FacebookTwitterGoogle+RedditEmail

On the Iraqi Protests, Now in Their Second Month 

Friends keep asking for comments on the continuous popular protests in the Iraqi southern provinces.

It feels unsafe for activists in the Iraqi Anti-Occupation movement to give a worthy account of events on the ground.  Less so to analyze their significance and potential beyond recognizing that a huge psychological shift is underway amongst the youth.  That is a shift within communities that have been subdued and well-controlled over the years since the occupation in 2003. The control was exercised by Iran-linked fractious sectarian parties working within localized uneasy joint US-Iran stewardship.

Trickle-down corruption of the war-lords’ variety since 2003 controlling nearly about 800 Billion dollars of oil income since then had created a  social base for the new colonial set-up through phantom government jobs, pensions, and compensations. This fragile social base of a few million households is wider in the south of the country and in the Kurdish region.  That is because Baghdad and the central provinces were the hotbeds for resistance after the invasion in 2003 up to 2010, so suffered the US counter-insurgency regime followed by the civil war manufactured through black ops, followed by prolonged peaceful protests followed by ISIS terrorism, promoted or genuine, then by the total demolition of cities.

The neo-colonial sectarian-based joint custodianship regime presided not only over dismantling the Iraqi state but also over ensuring the destruction and prevention of productive capacity in the country apart from the pumping of crude oil. This applied to lack of electricity despite the $40 billion officially spent, and lack of water treatment, the two demands that started the protests.  But also to all industry, agriculture, transport, education and health services.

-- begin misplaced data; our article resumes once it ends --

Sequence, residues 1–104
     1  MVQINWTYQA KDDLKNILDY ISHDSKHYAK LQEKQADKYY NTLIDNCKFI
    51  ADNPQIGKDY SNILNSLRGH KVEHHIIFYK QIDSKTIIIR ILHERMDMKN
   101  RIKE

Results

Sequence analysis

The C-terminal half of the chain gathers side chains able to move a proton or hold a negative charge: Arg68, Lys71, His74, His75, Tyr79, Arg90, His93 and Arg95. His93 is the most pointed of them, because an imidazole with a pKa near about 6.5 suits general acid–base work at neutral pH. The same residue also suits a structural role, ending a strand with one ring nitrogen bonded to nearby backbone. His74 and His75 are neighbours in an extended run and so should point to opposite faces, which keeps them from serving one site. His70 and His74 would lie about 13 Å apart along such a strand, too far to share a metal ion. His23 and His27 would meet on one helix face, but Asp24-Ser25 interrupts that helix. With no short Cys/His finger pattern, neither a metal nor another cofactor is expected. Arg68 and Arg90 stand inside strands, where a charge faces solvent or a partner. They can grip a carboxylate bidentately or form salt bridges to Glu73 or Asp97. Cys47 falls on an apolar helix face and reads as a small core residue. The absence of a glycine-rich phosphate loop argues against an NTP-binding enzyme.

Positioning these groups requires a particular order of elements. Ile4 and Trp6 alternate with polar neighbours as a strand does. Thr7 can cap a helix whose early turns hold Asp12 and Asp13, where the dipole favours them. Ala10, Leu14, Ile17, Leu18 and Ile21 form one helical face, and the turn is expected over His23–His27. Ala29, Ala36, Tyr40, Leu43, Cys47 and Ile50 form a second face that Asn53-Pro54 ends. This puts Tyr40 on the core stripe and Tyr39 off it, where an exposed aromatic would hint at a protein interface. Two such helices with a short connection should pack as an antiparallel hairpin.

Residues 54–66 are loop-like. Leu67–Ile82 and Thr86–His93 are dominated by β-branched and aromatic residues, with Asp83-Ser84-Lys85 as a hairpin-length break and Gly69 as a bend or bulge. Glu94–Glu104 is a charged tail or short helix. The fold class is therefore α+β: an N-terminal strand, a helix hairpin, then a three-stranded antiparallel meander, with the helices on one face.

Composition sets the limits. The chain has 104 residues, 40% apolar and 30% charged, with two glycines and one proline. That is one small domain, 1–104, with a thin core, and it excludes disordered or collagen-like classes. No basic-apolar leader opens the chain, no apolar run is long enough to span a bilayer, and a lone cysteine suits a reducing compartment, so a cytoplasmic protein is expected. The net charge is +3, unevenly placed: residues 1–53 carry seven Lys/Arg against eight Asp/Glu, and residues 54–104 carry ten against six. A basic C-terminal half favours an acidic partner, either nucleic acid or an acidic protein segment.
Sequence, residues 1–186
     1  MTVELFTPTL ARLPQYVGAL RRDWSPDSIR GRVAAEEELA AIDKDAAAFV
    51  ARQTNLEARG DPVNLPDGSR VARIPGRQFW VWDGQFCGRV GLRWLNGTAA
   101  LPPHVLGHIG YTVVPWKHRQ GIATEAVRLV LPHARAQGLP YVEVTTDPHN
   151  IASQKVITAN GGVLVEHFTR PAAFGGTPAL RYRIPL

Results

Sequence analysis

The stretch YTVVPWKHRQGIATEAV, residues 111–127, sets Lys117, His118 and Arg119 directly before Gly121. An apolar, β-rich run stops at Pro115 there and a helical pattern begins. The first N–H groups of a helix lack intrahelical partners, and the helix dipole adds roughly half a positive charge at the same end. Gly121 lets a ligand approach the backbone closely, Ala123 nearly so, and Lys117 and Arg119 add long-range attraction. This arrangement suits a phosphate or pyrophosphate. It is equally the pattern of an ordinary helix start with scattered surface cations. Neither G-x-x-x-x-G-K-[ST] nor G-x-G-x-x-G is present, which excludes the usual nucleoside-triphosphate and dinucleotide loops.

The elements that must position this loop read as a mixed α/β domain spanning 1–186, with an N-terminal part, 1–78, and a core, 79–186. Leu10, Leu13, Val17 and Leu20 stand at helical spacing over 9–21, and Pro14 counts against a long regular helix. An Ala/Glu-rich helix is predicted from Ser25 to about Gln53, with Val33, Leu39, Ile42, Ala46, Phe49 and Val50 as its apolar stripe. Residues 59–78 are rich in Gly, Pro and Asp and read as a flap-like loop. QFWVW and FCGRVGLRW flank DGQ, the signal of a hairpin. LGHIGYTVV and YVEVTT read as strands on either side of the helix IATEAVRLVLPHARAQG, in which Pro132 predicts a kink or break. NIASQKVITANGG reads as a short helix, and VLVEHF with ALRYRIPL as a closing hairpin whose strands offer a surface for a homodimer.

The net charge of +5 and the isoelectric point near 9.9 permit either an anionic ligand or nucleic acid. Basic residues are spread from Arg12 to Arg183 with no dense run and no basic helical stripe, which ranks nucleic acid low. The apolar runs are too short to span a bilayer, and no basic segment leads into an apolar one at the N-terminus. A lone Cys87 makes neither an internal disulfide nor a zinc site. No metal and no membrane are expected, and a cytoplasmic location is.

Back to understanding the protests, and why most anti-occupation activists are reluctant to comment.   Here are some of the reasons:

*  The legacy of worry about the sources of information from the experience of the Syrian and other risings of 2011.

*  No leadership has emerged, perhaps wisely considering the danger of liquidation of activists.  No one is prepared to endanger activists they know or can contact from abroad anyway.

* Protests in Baghdad have been largely silenced through the ultra-opportunistic Sadrist movement. The Basrah main protest is also being stifled, with sites of protests gradually shifting to smaller towns, perhaps wherever the militia rule is weakest, but also where fewer contacts are available.

* The near certainty that some of the protests are used in the in-between manoeuvrings of the ruling parties, militias, the feuding tribes, and the corrupt clerics allied to various parties.

* The claims that Iranian-linked groups had traditionally to use the protests to threaten Iraqi oil production as part of the current battle with the US.

* The claims that the anti-Iranian bent is Saudi or US- supported, even though it may be a genuine popular development with a  potential for the revival of Iraqi nationalism and Arab nationalism. At the same time, sane people remain of the view that the real enemy is the US rather than Iran, even though Iran is messing up the country for its own reasons.

Anti-occupation activists are not able to navigate these murky waters, so remain only able to offer views from geopolitical angles or from known patriotic commentators.